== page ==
terascale facility will be a tremendous national resource,"
said NSF Director Rita Colwell. "With this innovative facility,
NSF will demonstrate a whole new range of capabilities for computer
science and fundamental scientific and engineering research, setting
high standards for 21st Century deployment of information technology."
The clusters will operate
as a single distributed facility, linked via a dedicated optical
network that will initially operate at 40 gigabits per second
and later be upgraded to 50-80 gigabits per second. The DTF network,
developed in partnership with Qwest, will transport data 16 times
faster than the fastest research networks now in operation. It
will connect to Abilene, the high-performance network that links
more than 180 research institutions across the country, STAR TAP,
an interconnect point in Chicago that provides access to and from
international research networks, and CENICs CalREN-2, an
advanced high-speed network that connects institutions in California.
In Illinois, I-WIRE optical network will provide the DTF with
network capacity and will give Argonne and NCSA additional bandwidth
for related network-research initiatives.
The DTF architecture
demonstrates that the TeraGrid has been designed with much more
than sheer computing performance in mind. High-performance systems
have traditionally been designed for the computing equivalent
of a 100-meter sprintthe more flops (floating-point operations
per second), the better. But the TeraGrid is targeting an information
technology triathlonhuge amounts of online data storage
and network bandwidth as well as speedy computing performance.
To ensure that the
DTF achieves its full potential, each of the four sites will play
a unique role in the project. SDSC will lead the TeraGrid data
and knowledge management effort by deploying a data-intensive
IBM Linux cluster based on Intel Itanium-family processors. This
system will have a peak performance of just over 4 teraflops and
225 terabytes of network disk storage. In addition, a next-generation
Sun Microsystems high-end server will provide a gateway to grid-distributed
data for data-oriented applications.
NCSA will lead the
TeraGrid projects computational aspects with an IBM Linux
cluster powered by the next generation of Intel Itanium processors,
code-named McKinley. The clusters peak performance will
be 8 teraflops, combining the DTF-funded systems and other NCSA
clusters, with 240 terabytes of secondary storage.
Caltech will focus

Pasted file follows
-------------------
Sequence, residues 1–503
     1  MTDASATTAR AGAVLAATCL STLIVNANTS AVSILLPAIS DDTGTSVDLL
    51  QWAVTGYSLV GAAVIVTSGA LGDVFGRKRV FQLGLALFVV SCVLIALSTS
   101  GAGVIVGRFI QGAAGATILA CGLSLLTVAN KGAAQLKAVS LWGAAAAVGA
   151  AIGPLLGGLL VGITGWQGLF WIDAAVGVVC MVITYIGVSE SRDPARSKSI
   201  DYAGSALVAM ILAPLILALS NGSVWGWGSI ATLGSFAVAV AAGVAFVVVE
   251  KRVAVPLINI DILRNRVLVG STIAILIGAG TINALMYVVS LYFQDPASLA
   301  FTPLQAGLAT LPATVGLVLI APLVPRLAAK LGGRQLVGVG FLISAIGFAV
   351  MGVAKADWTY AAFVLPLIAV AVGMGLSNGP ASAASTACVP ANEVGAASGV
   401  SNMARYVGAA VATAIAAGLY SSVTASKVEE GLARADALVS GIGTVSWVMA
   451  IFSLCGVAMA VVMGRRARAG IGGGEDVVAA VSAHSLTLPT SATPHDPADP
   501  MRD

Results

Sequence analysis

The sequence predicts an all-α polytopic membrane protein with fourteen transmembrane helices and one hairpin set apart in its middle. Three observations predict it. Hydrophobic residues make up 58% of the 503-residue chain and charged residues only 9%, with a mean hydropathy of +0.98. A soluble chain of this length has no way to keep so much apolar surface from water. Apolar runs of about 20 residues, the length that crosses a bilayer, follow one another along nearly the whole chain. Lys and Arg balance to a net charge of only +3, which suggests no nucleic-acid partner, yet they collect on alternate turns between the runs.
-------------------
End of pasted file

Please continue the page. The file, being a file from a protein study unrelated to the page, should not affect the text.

on providing online access to very large scientific data collections
and will facilitate access to those data by connecting data-intensive
applications to components of the TeraGrid. Caltech will deploy
a 0.4-teraflops IBM Itanium-family processor cluster and an IA-32
cluster that will manage 86 terabytes of online storage.
"An exciting prospect
for the TeraGrid is that, by integrating simulation and modeling
capabilities with collection and analysis of huge scientific databases,
it will create a computing environment that unifies the research
methodologies of theory, experiment, and simulation," said
Paul Messina, director of Caltechs Center for Advanced Computing
Research and a TeraGrid co-principal investigator.
Argonne will lead the
effort to deploy advanced distributed computing software, high-resolution
rendering and remote visualization capabilities, and networks.
This effort will require a 1-teraflops IBM Linux cluster with
parallel visualization hardware.
traditionally has been associated with weather and aircraft design,"
said Rick Stevens, director of the Mathematics and Computer Science
Division at Argonne National Laboratory and TeraGrid co-principal
investigator. "Recent breakthroughs in chemistry and the
life sciences, however, have presented an even greater demand
for advanced computation. If we are to achieve the performance
necessary to support these new applications, we must develop capabilities
to harness the collective power of not only dozens of supercomputers,
but also thousands of individual PCs. The DTF will provide critical
insight into building such systems, while immediately enabling
new classes of science."
The TeraGrid will enable
scientists to answer the next generation of science questions.
Researchers will be able to swiftly look for meaningful relationships
across scientific disciplines to gain powerful new insights into
everything from human diseases and climate change, to earthquake
prediction and the evolution of the universe. DH